Dawid Malan has no doubts about where his responsibilities lie in the club versus country conundrum he faces at the start of the 2019 domestic season.
It is a period which will effectively become a shoot-out between aspirants for a top-three England position in this summer’s Ashes but, unlike rival county captain James Vince, who is reverting to the role of opening batsman for Hampshire in his quest to earn a Test recall, Malan is not shifting.
‘I don’t want to be seen as a captain who bats himself where he needs to bat to play for England,’ said the Middlesex star, 31. ‘It doesn’t send the right message to the team if it suddenly becomes about me having to bat at three because there is a No 3 spot for England. I don’t think that would be right.
Dawid Malan says he will not change his place in the Middlesex batting order
‘If I was to get the call from England and they were to speak to me, Angus Fraser (Middlesex managing director) and Stuart Law (new coach) and say ‘we would like Dawid to bat at three,’ then I would move to three.
‘I actually had my best season for Middlesex batting at three but I am comfortable batting at three, four, five, six — I play the same way, so it doesn’t make a difference to me.
‘Generally, if you play well you are going to score runs and if you don’t you’re not going to get runs, so for me wherever I bat for Middlesex it’s about scoring as heavily as possible for the team.’
Malan was England’s leading run scorer in the last Ashes series with 383 at an average of 42.55 but was discarded last August and has become a face in a crowd of county batsmen vying for recognition at a time when the places currently held by Rory Burns, Keaton Jennings and Joe Denly remain up for grabs.
‘My ambition is still to play for England but I am not going to look at that,’ he told The Mail on Sunday. ‘At times last year I got carried away with what I wanted to do when I played for England. I was turning up for county games and trying things that myself, Mark Ramprakash and Graham Thorpe were talking about: triggers, no triggers, taps, no taps.
Malan is competing to secure the No 3 role in the England batting ahead of the Ashes series
‘It got me into a spiral of looking too far ahead rather than concentrating on scoring runs in every innings no matter who I was playing for. It’s about trying to keep the eye on the ball at Middlesex, and if I have a good season and score enough runs, then hopefully I get looked at for internationals.’
The regret is that he provided those in positions of power a reason to drop him, chiefly by a failure to capitalise on his position of strength in Perth 16 months ago.
Australia did not look like getting him out until he skewed an innocuous delivery from Nathan Lyon to backward point to bring an innings of 140, and a double century stand with Jonny Bairstow, to an end.
‘I think I left a few runs out there. I was playing as well as I’d ever played,’ he recalled. ‘Then in the next Test on the flattest wicket on earth in Melbourne, I inside-edged one, and was outside the line, and didn’t take the review.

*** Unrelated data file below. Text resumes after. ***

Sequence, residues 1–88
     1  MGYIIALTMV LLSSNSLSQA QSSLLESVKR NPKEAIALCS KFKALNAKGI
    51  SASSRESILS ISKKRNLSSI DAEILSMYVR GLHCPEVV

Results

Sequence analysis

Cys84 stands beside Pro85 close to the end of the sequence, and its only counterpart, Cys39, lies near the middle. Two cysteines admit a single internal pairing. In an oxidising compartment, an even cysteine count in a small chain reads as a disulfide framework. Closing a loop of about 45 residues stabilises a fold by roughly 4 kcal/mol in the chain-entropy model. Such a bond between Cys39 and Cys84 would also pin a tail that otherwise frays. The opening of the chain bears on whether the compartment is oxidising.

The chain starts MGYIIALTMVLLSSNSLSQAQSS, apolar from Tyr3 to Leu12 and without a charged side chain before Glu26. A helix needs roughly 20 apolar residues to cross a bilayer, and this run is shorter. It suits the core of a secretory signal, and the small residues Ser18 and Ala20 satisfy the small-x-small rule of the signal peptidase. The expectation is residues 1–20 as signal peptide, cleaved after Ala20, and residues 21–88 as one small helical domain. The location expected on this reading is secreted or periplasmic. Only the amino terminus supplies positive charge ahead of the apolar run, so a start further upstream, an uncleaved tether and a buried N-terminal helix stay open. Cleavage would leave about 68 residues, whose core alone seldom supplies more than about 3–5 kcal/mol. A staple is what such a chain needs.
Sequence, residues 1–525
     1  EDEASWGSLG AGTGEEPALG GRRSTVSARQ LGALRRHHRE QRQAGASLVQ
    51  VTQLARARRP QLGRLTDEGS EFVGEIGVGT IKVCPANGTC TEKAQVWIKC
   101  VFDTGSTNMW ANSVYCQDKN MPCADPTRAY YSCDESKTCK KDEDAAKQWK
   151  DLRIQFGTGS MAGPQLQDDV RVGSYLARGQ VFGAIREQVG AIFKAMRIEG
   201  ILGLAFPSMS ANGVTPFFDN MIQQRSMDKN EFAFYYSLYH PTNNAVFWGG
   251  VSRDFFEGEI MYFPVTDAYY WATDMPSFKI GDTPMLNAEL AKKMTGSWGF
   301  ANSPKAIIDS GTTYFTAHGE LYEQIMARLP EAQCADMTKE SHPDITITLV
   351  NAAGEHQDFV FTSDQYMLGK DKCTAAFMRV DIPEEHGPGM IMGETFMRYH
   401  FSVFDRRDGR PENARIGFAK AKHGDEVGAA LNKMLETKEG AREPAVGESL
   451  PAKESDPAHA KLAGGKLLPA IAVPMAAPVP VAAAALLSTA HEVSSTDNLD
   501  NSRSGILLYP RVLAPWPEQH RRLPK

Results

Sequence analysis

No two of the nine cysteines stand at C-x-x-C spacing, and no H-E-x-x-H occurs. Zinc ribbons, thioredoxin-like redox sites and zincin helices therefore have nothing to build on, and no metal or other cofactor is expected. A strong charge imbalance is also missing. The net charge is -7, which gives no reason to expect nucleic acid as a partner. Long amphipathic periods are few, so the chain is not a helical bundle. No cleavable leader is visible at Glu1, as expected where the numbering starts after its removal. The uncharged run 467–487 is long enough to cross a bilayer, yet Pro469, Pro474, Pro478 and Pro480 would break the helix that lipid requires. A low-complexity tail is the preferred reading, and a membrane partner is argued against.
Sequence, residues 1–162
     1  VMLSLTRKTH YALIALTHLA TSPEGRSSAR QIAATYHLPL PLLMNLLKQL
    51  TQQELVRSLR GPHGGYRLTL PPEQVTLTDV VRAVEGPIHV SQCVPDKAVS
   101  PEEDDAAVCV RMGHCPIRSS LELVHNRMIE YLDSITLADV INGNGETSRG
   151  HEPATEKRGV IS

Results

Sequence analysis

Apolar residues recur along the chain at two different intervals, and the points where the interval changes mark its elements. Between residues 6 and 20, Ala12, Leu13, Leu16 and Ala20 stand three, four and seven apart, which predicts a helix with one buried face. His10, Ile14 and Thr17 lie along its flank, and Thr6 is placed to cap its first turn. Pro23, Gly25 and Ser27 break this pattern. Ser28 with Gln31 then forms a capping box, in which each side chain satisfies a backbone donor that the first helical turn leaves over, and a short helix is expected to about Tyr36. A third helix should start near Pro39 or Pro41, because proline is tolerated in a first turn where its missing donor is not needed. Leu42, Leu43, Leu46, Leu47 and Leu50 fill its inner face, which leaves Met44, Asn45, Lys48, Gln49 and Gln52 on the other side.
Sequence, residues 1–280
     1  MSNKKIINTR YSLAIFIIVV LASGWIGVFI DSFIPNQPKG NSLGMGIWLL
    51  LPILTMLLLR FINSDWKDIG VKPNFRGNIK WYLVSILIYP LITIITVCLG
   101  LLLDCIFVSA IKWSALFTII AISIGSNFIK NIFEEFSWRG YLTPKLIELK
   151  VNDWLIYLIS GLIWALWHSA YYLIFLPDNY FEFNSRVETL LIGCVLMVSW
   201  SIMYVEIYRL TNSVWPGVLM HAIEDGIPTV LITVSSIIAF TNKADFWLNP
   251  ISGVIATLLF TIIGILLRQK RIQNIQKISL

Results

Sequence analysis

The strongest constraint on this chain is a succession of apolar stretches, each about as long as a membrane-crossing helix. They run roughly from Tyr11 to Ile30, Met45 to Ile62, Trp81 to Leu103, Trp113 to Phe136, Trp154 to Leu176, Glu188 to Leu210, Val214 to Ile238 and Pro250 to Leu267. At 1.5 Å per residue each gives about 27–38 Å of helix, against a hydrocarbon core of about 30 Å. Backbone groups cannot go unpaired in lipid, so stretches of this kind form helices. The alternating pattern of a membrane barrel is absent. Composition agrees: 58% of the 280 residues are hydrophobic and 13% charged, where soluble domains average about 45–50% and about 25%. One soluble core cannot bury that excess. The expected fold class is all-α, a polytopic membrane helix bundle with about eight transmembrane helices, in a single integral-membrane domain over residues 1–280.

‘The old saying is “You’ve never got enough”. That proves it. A double hundred and I would probably still be backed.’
Instead, after three matches of low yield versus Pakistan and India, he found himself on the outside of the team and with Ed Smith, the national selector, suggesting he might be a better player in foreign conditions.
‘I’m definitely not,’ he insisted. ‘It obviously hurt me at the time to suddenly be pigeonholed as someone who could only play outside of England. It didn’t really make sense to me and after that I had a nice long chat with him. He clarified a few things. I now know what he meant. He was saying that at the time I hadn’t played as well in England as overseas and for me to play better in England I had to change one or two things.
‘I’ve played my whole career here and scored over 10,000 runs in first-class cricket so I don’t think it is anything to do with the conditions. Whether I was happy with the amount of opportunities I was given, I was given five opportunities to go and score runs. I didn’t score as many runs as I should have in those five innings.
Malan was England’s leading run scorer in the last Ashes series with an average of 42.55
‘I wouldn’t say I am a victim because if I’d scored runs I would still be there. It’s as simple as that. If you score runs then there is no reason for people to drop you. You can moan all you want — ultimately if you score the runs you’re going to be playing.’
Those words do not always ring true, though, as Malan’s Twenty20 international career of four 50s in five appearances attest. Recalled, he remained on the bench for the 3-0 win over West Indies earlier this month.
‘It was frustrating not playing, especially in the dead-rubber last game, as I’d been pulled out of a Twenty20 tournament (the Pakistan Super League). But it’s the way it goes sometimes.
‘Jos Buttler is definitely the best white-ball cricketer England have got and him moving up to open the batting hasn’t helped my cause. You have to say it was a fantastic decision but that’s pushed me one further down the pecking order.
‘It’s no one’s right to play for England, it’s an honour, and you have to make sure you’re scoring runs so when someone does get injured, or rested, or loses form, you’re in position to take advantage.’
His immediate target, in tandem with Law, is to reinvigorate a Middlesex team that has badly under-performed since winning the County Championship title in 2016.
‘As a captain, I would not want to go into any season not trying to win all three competitions. We know that’s tough to do but ultimately with the players we have, if everyone stays fit, there shouldn’t be a reason why we don’t get promoted. We are too good not to win four-day games of cricket consistently.
‘Every year brings its new challenges and excitement in terms of what the season can hold.’
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